Ghosts or no ghosts, we had a good night at the Highland Tavern. Eventually, when the private party cleared out, we checked out the upstairs room, which held pool tables and Big Buck Hunter and Golden Tee video games. We surveyed the various art pieces for sale displayed around the bar, but were most impressed by a collection of velvet paintings above the bar that were clearly not for sale. The velvet Elvises, Aztec warriors, bullfighters and even a velvet Cookie Monster were all gifts to the owner, according to Sorum. Another impressive work of art was a mixed-media glittery painting of Jack Nicholson in The Shining above the bar. My photos can't do either of these things full justice, so you will just have to go check it out in person. After another round of drinks and the last few oversized tots, my friend and I decided it was getting late for a weeknight and started to exit the bar.
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As we hit the sidewalk, a friendly cat crossed the street, walked toward us with confidence, and then proceeded to slip into the bar through the patio fence. We had to follow the cat back in to see what hijinks might ensue. The staff at the bar quickly realized that this cat matched the description and photo of one named "Bugs" that was the subject of a "Lost Cat" poster on the telephone pole on the corner. Unfortunately, Bugs's owner did not immediately answer the phone after multiple calls and texts, and Bugs continued to stroll around the bar, causing a bit of a stir. My friend and I tried to help lure him away from the kitchen door by offering him a tater tot that had fallen on the floor. He was not as impressed as we were by the tater tots, or perhaps cats just don't really eat fried potatoes. Neither of us have ever owned a cat, so we were just guessing at this point. A plan was quickly hatched by the bar staff to move Bugs to the office, where he could wait for his owner to call back, and if all else failed, one of the guys said he would take him home for the night. With knowledge of this resolution, my friend and I felt like we could call it a night, and headed out once again.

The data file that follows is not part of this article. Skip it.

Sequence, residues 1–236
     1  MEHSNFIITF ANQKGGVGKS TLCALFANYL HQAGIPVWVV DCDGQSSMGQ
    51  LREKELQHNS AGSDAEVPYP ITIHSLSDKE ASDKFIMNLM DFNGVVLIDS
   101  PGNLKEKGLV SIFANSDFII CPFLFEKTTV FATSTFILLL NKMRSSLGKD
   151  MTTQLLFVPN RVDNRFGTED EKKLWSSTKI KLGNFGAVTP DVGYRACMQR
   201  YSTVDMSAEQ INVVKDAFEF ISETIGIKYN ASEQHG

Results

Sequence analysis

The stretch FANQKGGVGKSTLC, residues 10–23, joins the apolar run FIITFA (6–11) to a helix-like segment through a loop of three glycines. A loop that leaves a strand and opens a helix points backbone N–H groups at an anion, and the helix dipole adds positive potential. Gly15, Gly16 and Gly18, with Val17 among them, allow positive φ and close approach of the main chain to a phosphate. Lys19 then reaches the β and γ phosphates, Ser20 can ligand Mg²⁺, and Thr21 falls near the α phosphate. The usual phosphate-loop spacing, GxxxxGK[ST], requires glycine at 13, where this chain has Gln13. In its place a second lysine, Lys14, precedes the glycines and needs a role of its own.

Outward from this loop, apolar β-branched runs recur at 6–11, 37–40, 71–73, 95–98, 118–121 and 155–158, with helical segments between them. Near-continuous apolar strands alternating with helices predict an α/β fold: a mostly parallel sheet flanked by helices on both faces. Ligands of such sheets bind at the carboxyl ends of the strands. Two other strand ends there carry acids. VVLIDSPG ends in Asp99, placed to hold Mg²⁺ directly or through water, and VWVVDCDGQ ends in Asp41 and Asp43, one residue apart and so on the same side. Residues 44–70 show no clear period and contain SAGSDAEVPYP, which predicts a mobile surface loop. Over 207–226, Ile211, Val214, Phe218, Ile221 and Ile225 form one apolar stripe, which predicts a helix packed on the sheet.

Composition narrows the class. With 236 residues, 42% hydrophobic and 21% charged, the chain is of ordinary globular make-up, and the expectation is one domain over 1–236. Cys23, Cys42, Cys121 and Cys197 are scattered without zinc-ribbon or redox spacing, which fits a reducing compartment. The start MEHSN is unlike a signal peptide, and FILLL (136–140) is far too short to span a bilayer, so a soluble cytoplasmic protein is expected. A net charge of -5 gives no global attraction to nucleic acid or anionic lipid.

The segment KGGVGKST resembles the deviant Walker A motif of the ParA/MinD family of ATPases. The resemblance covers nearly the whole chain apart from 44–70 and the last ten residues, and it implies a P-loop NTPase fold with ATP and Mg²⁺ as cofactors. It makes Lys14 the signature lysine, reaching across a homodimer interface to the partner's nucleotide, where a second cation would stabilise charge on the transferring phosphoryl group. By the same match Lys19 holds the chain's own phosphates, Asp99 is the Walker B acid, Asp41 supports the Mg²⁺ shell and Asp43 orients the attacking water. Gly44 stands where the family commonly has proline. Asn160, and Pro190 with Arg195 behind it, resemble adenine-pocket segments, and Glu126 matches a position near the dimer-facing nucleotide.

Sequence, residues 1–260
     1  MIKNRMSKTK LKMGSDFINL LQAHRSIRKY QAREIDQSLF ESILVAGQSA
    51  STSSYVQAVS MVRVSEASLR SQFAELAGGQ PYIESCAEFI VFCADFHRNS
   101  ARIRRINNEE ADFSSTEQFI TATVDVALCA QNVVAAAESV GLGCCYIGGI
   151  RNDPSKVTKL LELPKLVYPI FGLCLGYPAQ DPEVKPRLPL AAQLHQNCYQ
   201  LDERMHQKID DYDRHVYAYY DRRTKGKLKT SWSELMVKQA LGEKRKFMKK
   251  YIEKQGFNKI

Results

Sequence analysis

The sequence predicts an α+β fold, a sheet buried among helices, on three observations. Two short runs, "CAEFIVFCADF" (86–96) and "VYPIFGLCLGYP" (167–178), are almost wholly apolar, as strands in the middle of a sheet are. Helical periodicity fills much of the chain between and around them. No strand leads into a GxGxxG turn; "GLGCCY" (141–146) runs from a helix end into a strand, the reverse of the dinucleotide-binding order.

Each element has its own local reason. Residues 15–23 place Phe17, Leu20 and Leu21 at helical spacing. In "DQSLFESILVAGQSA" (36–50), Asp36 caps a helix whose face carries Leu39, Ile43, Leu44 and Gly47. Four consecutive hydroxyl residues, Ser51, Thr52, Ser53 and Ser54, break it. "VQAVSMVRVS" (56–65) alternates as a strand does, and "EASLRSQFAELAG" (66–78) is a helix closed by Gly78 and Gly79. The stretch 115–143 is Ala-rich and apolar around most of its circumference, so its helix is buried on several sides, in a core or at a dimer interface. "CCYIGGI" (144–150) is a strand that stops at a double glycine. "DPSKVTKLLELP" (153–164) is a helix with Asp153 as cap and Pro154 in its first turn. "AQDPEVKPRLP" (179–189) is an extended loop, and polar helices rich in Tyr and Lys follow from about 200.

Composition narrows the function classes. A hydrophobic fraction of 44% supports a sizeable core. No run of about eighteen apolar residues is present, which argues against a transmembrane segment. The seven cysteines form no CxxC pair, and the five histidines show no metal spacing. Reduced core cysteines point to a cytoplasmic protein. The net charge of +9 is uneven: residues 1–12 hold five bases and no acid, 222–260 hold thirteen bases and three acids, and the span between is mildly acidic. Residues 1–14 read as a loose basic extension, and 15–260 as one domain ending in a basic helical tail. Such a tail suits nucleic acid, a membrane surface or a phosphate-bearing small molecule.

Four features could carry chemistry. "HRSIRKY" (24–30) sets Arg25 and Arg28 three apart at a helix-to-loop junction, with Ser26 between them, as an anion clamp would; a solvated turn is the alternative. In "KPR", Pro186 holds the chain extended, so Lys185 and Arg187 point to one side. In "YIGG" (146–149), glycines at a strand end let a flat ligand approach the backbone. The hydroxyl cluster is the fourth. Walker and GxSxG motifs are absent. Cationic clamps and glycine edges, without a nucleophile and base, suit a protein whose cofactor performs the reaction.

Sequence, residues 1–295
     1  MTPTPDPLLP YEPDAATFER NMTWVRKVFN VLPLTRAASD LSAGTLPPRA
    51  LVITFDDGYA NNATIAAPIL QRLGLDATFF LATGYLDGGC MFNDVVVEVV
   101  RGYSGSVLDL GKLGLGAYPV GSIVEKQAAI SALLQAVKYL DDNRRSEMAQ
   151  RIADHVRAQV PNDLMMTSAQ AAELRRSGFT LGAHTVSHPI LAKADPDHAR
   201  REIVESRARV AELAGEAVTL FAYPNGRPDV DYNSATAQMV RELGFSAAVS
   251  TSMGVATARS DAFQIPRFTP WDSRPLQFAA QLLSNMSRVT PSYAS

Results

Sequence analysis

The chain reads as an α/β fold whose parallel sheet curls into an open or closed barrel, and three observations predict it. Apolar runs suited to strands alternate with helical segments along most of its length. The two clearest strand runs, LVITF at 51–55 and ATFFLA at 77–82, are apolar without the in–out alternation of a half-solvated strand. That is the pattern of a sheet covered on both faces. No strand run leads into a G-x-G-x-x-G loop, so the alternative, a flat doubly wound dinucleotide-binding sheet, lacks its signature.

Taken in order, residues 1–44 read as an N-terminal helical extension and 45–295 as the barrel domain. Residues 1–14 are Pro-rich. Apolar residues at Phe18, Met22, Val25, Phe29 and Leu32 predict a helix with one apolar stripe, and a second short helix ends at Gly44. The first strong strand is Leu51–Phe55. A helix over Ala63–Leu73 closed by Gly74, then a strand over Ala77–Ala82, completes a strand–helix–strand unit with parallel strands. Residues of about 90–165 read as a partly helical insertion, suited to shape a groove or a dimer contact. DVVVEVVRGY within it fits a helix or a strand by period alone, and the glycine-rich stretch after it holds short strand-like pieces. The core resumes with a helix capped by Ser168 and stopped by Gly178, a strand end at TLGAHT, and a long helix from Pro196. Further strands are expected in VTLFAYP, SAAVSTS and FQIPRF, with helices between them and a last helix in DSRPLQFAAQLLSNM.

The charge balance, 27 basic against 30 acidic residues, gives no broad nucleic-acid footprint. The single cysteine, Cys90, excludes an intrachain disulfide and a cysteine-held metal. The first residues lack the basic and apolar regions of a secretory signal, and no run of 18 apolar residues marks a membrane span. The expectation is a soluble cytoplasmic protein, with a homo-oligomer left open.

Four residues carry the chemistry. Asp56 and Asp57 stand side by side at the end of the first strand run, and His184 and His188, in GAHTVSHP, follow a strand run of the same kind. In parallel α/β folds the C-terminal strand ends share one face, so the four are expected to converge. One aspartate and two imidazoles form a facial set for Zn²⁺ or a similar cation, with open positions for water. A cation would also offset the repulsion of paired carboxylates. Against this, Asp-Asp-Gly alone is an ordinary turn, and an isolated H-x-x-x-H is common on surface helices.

I haven't been back in to the Highland Tavern since that night, but I feel confident that the staff and patrons at the bar made sure Bugs got to where he needed to go, or got a new home — just like all the neighborhood bar-goers that find the Highland Tavern to be their home away from home.
The Highland Tavern, 3400 Navajo Street, is open Monday through Friday from 11 a.m. to 2 a.m., and Saturday and Sunday from 10 a.m. to 2 a.m. For more information, call 303-433-1990 or go to the bar's website.